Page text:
What is an Intervention?
                                                   June V. Isaly

To me, an intervention is a loving, caring process by family and friends to present a real chance to the alcoholic/addict to begin a sober, clean and hopeful life.  The intervention process is made up of three components: 

1)     An emotional, intense and forthright presentation of facts, not judgments. 

2)     The gathering of data, sharing of experiences and completion of a well-rehearsed assignment, accomplished most often in two sessions. 

3)     The final step of gathering loved ones and concerned others together with the facilitator and the identified client to precipitate entrance into the treatment facility. 

Researching formal rehabilitation availability and verifying insurance benefits are both necessary procedures that are completed prior to the actual intervention day.  These two steps will facilitate the immediate admission/evaluation resulting from the success of the intervention. 

An intervention is deemed a success if the client accepts a referral to formal rehabilitation.  My vision of a successful intervention also includes the presence of enlightenment and solidarity that the family and friends acquire throughout the course of the intervention. This process in itself provides a circle of hope and a wealth of insight into the disease of chemical dependency. Most importantly, it becomes apparent that alcoholism/addiction is not the fault of the family.  Intervention can, and does bring the harmful effects of enabling to an abrupt halt.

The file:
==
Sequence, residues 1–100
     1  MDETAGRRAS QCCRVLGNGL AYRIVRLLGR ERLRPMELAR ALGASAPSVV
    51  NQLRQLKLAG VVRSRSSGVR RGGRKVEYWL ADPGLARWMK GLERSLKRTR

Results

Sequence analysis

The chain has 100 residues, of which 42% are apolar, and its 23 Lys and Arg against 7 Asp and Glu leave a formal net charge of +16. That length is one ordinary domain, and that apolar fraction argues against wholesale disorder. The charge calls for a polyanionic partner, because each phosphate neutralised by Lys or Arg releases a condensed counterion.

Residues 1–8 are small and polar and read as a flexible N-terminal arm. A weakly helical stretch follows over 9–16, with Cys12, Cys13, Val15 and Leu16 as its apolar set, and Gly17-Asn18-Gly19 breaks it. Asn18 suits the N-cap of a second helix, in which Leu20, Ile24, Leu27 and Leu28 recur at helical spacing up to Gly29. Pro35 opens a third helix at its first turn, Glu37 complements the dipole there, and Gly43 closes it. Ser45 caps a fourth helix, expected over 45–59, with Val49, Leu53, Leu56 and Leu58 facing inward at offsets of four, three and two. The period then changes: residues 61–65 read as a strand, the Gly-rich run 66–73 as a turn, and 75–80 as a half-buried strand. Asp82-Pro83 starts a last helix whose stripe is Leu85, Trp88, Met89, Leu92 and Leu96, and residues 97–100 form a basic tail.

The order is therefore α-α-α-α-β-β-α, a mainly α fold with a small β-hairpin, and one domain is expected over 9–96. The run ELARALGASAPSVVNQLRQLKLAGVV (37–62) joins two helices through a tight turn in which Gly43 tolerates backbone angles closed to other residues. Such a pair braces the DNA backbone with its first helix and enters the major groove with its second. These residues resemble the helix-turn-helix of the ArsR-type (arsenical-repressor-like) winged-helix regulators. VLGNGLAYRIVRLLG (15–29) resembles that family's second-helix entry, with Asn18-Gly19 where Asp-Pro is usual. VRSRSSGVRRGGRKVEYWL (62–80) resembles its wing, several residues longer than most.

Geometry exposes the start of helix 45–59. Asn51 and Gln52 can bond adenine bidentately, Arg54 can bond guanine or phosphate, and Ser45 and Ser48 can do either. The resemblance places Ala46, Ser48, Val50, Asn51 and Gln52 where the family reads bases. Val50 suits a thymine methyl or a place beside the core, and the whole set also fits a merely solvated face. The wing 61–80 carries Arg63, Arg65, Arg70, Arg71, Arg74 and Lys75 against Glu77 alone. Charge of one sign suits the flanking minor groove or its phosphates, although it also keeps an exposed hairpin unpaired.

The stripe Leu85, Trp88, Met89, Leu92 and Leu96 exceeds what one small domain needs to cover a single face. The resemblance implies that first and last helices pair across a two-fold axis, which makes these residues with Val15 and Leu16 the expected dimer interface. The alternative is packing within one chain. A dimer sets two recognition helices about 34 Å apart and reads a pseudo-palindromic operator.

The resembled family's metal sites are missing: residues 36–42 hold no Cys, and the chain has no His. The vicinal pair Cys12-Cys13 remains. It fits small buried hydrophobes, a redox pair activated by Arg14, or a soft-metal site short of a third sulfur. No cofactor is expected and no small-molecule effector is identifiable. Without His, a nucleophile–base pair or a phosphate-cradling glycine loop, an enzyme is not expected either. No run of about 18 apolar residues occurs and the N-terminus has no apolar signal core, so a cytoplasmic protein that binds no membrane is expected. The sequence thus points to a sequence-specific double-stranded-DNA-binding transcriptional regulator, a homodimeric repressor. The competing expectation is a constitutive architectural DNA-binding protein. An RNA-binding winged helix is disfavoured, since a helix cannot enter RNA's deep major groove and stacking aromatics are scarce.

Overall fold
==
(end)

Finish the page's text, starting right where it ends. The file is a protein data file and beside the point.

The quality of your loved oneís life could be altered by a single phone call.  For information, consultation and to schedule an intervention, donít hesitate to call.


For information, consultation
and to schedule an intervention.



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